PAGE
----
Skilled workers and American students can avoid Europe travel ban – here’s why


Europe may have banned the United States and others from visiting the continent in July. But it also paves the way for the visit of thousands of people from these excluded countries.

The European Union on Tuesday announced guidelines to lift travel bans in more than a dozen countries – and maintain restrictions on others, including the United States

In the “recommendation”, He advises members to implement a growing number of exemptions, for those not on the safe country list.

Welcome students and skilled workers from prohibited countries

The EU advises members to exempt the following travelers:

  • EU citizens and their family members
  • Long-term EU residents and their family members:
  • Travelers with an essential function or need

In particular, he urges the 30 countries with a travel ban to allow entry into two new major categories:

  1. Students: Third country nationals traveling for study purposes.
  2. Workers: Highly skilled third country workers if their employment is economically necessary and the work cannot be postponed or carried out abroad.

The exemption for “travelers with an essential function or need”, in particular, could be widely interpreted by the various European countries, by deciding to give the green light to travelers on the list of prohibited persons.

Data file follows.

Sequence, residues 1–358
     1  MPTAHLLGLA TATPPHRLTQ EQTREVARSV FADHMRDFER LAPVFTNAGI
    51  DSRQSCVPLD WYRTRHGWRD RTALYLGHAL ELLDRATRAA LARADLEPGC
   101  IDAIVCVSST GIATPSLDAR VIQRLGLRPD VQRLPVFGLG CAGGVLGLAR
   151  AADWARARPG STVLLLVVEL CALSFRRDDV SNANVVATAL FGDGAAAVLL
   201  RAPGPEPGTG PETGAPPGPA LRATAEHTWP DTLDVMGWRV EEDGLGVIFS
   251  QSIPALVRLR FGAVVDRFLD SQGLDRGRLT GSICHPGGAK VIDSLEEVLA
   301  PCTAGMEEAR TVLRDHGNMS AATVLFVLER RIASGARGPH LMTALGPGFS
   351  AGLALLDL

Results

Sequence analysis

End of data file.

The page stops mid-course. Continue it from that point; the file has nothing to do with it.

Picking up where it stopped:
The European Commission has confirmed that it is thus laying the foundations for a multitude of possible arrivals from prohibited countries. “That’s right,” says Adalbert Jahnz, spokesperson for migration, home affairs and citizenship. The idea is to encourage members to hire highly skilled workers. Not just healthcare and medical workers like in the past few months.

Strict immigration requirements, health checks for exceptions from banned countries

Students, skilled workers and other nationals of banned countries who are given the green light to travel can expect rigorous screening. “Member States can introduce additional security measures for these travelers, especially when their trip originates in a high-risk region,” says the EU.

Each member can interpret the particular cases differently

EU members are not bound by the recommendations, but are likely to comply with the travel ban imposed on Americans. On the other hand, the expanded list of exemptions leaves countries some leeway in deciding exactly who they will allow.

Will other EU members like Denmark offer more leeway for visits to banned countries?

So far, Denmark is in a class of its own in allowing visits to residents of banned countries, for a multitude of reasons. To meet up in love, job interviews, business meetings and attend the birth of your child.

A check on the The EU’s Reopen Europe app shows good unanimity among the members in response to the lifting and maintenance of the border closure to non-Europeans.

Greece also indicates that it will accept certain third country nationals coming from outside the EU / Schengen area “without exceptional restrictions”. Yet this still excludes “countries where the number of coronavirus cases remains dangerously high”. And that includes the United States

Apart from permanent residents and members of their immediate family, other exceptions noted by the Consulate General of Greece in New York are “those traveling on essential business”, or for a family emergency.

Certainly under the new EU guidelines it is possible that the exemptions will be interpreted more liberally, in the Danish way.


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